M. Ward at Revolution Hall

I'm slowly getting back into the swing of things after an intense few months of traveling (and moving). This summer we spent some time with my parents on Cape Cod, visited friends in Boston, then flew to Westport Ireland. Shortly after returning from Ireland, we set out on a cross-country drive to Portland OR, where we now reside. Leaving Brooklyn was a difficult decision and continues to be an adjustment, but there's a lot to love about Portland. 

Portland Japanese Garden © Carly Larsson 2016

Portland Japanese Garden © Carly Larsson 2016

Last weekend was a milestone birthday for me, so Saturday we checked out the Portland Japanese Garden and had dinner at Bamboo Sushi (amazing), then saw M. Ward perform at Revolution Hall on Sunday. Above are the two drawings I got in at the garden before they told me I could not use ink or COLORS? I was going to buy a membership because the BBG's Japanese Garden was one of my absolute favorite places to draw, but this was a huge bummer so I didn't. 

Telekenesis opening for M. Ward at Revolution Hall © Carly Larsson 2016

Telekenesis opening for M. Ward at Revolution Hall © Carly Larsson 2016

Sunday we saw M. Ward at Revolution Hall, which is in an old high school auditorium (formerly Washington High School, built in 1906). There was no photography per the request of the artist, and it was really nice to be at a show where everyone was present, watching the show, and nobody was on their phones the whole time (honestly, when does anyone actually watch those iPhone videos they spend entire concerts filming?) Luckily, drawing was permitted, *unlike* at the aforementioned garden (can you tell I'm not over it?) A band called Telekinesis, pictured above, opened. They had maracas and got people dancing, which made drawing them great way to warm up.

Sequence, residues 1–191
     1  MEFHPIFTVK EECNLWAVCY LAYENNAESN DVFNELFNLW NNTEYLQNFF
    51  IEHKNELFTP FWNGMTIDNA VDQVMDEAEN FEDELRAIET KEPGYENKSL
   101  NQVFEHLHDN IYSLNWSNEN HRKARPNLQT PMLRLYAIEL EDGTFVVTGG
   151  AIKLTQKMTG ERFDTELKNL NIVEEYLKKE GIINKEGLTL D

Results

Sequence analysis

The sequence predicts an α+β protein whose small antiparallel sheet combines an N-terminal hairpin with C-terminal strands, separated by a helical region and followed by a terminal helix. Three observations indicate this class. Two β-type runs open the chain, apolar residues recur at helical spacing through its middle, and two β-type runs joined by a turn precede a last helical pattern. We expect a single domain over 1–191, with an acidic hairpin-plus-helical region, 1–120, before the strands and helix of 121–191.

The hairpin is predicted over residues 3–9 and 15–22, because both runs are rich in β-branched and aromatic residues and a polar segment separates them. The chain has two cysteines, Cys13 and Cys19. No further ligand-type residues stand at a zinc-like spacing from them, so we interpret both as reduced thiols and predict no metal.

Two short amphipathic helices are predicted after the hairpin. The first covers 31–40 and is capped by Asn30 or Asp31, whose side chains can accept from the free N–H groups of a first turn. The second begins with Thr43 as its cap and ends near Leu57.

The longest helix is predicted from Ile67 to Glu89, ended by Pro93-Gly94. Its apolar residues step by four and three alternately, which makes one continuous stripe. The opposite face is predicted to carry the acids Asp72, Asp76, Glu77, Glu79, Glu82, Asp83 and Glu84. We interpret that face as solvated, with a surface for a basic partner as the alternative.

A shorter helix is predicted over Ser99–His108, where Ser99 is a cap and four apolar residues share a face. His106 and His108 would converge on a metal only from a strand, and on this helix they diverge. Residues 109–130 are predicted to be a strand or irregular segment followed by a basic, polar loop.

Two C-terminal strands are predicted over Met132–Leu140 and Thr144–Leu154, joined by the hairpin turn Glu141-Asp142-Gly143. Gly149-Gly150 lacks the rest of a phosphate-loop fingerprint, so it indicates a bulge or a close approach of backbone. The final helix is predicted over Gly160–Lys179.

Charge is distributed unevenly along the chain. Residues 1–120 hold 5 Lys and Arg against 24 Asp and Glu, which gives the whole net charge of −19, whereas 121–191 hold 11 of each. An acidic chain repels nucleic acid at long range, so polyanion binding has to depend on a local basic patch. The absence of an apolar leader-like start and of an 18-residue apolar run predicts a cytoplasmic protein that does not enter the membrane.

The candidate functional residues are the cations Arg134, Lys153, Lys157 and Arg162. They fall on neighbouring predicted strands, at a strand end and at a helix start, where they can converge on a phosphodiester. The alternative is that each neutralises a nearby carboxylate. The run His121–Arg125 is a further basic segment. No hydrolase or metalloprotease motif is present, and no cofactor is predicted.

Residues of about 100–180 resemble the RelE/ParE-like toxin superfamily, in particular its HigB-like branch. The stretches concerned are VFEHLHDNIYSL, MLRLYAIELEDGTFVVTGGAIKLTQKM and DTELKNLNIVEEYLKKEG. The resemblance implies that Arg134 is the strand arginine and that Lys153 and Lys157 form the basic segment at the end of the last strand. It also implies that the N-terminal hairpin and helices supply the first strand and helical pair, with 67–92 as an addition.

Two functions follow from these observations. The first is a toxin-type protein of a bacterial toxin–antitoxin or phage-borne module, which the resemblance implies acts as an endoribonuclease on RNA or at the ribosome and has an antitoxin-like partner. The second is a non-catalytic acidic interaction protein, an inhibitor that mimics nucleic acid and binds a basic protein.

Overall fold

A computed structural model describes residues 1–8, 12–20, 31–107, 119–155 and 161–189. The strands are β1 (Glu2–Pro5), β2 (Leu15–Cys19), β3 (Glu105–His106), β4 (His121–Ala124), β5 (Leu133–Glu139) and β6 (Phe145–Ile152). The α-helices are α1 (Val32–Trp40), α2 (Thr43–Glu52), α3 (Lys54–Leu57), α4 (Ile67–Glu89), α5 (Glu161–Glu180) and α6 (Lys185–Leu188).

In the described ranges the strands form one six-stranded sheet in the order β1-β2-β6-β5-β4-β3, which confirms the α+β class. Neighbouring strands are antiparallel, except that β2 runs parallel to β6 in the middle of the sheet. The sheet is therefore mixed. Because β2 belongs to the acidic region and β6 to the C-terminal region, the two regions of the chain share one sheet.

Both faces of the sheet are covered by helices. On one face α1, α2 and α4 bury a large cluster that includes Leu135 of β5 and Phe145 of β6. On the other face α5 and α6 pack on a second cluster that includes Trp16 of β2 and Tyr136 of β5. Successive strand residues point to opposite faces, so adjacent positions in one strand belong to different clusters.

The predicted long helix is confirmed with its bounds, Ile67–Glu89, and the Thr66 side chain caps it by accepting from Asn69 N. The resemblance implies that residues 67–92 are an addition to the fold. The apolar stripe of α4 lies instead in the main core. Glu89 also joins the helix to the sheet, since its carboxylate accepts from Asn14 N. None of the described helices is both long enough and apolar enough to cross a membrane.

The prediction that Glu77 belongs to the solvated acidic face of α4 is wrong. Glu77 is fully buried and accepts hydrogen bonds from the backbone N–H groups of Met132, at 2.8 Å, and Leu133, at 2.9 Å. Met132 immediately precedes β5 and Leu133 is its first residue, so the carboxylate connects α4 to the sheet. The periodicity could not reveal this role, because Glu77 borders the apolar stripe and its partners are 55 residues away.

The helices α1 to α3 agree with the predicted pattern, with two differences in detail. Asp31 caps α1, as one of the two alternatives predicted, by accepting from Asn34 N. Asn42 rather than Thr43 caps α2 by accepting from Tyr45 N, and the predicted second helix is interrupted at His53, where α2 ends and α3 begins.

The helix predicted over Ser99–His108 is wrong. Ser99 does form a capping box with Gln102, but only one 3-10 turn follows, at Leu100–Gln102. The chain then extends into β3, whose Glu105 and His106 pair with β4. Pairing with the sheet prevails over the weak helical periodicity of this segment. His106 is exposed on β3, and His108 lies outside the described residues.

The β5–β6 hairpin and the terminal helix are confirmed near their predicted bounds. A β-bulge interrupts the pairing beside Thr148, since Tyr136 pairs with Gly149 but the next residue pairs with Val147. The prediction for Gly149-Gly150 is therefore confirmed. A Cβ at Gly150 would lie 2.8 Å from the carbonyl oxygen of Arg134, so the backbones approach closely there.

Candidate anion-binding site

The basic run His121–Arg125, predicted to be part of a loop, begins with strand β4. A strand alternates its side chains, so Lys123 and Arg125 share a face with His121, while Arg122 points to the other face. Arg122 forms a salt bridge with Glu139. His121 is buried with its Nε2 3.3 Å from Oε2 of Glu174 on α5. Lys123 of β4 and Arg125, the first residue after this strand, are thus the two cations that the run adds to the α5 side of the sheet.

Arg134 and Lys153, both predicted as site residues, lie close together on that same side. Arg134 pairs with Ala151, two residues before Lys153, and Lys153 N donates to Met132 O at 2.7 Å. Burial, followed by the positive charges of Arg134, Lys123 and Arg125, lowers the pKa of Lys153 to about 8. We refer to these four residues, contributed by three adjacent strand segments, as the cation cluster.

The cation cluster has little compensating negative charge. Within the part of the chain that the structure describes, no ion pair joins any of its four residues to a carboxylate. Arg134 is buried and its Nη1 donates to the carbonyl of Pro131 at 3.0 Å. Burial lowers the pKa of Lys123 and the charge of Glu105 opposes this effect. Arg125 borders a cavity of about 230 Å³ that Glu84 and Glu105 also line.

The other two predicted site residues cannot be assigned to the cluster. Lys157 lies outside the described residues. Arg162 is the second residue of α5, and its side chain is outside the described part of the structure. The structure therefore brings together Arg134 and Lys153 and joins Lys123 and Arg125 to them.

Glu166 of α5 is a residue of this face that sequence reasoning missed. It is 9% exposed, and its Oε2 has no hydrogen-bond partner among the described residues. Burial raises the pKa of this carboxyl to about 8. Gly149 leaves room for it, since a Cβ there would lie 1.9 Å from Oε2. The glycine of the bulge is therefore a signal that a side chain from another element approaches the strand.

M. Ward at Revolution Hall © Carly Larsson 2016

M. Ward at Revolution Hall © Carly Larsson 2016

When M. Ward came on I was surprised how different he sounded live than on his albums. Not in a bad way - it still sounded like him - more in the sense that it felt like he was playing around, improvising and trying new things. I like that. 

M. Ward & his fluffy-haired bassist at Revolution Hall © Carly Larsson 2016

M. Ward & his fluffy-haired bassist at Revolution Hall © Carly Larsson 2016

I was happy he played some older favorites, like Chinese Translation from Post-War (drawing below). He also played a few covers, including Frank Sinatra, Buddy Holly, and John Fahey. I was improvising too, since it was pitch black in there and I couldn't see what I was doing. It was a pleasant surprise when the lights came on and the colors I was blindly grabbing out of my box of pastels were similar to the colors of the lights!

M. Ward at Revolution Hall © Carly Larsson 2016

M. Ward at Revolution Hall © Carly Larsson 2016

He is an unbelievable guitarist and was joined by some equally talented musicians, all from Portland. There was a lot of focus on the instrumentals and a few amazing solos. I love how he is able to incorporate influences from so many decades and genres, making them his own. That's something I aim to do in my own work. After all, it was Picasso who told us that "good artists borrow, great artists steal."